The NBA has announced rule changes to discourage teams from intentionally fouling poor free throw shooters.
The NBA has announced rule changes meant to discourage teams from intentionally fouling poor free throw shooters.
Known as “hack-a” fouls, teams often employ the intentional fouls on struggling free throw shooters by grabbing them away from the ball. Centers DeAndre Jordan and Andre Drummond have been frequent recipients of the fouls, with many complaining the hacks significantly reduce the entertainment value of the game.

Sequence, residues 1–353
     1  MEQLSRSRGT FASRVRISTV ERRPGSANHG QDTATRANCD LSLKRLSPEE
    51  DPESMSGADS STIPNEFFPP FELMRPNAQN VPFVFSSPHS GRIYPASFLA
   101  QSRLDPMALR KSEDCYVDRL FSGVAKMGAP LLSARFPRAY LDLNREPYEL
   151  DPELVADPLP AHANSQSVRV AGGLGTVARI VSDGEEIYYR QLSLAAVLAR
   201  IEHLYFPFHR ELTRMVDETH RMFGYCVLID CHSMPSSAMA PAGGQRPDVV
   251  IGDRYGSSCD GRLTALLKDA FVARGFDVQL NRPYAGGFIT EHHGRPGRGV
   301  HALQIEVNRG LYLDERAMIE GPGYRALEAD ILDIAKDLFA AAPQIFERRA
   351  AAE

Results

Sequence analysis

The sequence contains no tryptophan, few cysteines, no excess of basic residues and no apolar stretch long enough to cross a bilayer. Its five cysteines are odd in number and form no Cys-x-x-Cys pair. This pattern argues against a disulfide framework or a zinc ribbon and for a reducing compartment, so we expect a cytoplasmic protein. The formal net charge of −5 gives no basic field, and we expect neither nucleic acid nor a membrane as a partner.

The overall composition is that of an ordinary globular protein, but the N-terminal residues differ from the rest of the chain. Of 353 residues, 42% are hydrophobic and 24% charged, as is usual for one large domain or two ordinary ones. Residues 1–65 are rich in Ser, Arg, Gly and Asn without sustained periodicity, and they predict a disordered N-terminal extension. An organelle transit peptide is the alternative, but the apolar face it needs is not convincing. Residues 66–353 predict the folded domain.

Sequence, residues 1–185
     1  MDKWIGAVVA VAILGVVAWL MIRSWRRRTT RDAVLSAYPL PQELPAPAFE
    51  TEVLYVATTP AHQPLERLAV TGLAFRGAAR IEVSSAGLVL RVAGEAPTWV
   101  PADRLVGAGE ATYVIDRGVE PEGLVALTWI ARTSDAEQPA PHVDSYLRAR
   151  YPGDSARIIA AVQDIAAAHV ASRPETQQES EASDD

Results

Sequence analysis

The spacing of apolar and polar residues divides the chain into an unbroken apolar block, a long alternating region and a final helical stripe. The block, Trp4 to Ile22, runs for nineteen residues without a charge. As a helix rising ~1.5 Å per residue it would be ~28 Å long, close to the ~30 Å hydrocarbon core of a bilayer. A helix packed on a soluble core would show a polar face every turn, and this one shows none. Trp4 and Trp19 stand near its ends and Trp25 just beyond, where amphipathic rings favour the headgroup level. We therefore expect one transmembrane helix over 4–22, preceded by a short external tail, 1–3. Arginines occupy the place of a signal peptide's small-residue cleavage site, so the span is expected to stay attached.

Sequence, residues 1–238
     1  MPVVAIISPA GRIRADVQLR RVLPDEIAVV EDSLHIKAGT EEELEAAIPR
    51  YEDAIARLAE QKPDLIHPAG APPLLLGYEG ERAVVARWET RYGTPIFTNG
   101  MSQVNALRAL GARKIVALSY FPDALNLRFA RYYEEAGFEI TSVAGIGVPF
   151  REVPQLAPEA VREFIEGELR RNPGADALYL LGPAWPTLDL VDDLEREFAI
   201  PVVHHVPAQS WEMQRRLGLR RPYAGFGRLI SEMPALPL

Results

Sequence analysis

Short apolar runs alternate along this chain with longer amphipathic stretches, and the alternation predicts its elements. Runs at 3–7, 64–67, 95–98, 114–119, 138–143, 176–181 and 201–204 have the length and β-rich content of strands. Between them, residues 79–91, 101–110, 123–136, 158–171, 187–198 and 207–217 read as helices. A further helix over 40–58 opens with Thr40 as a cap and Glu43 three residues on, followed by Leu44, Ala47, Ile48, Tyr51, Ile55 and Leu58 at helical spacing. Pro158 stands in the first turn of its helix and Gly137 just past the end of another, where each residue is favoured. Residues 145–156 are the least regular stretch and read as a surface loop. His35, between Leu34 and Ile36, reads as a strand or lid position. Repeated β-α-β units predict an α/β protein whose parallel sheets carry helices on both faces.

The new rules extend the current last-two-minute protocol to all four quarters, so if a player is fouled away from the ball in the last two minutes of any quarter, the team on the receiving end will receive one free throw and possession of the ball. Teams will also receive one free throw and possession if a player is fouled during an inbounds play.
Lastly, players who jump on the back of an opponent—a common way teams fouled in the last two minutes after free throw attempts—will be automatically assessed a flagrant foul.
The rule changes were agreed upon at the NBA’s off-season competition committee meetings.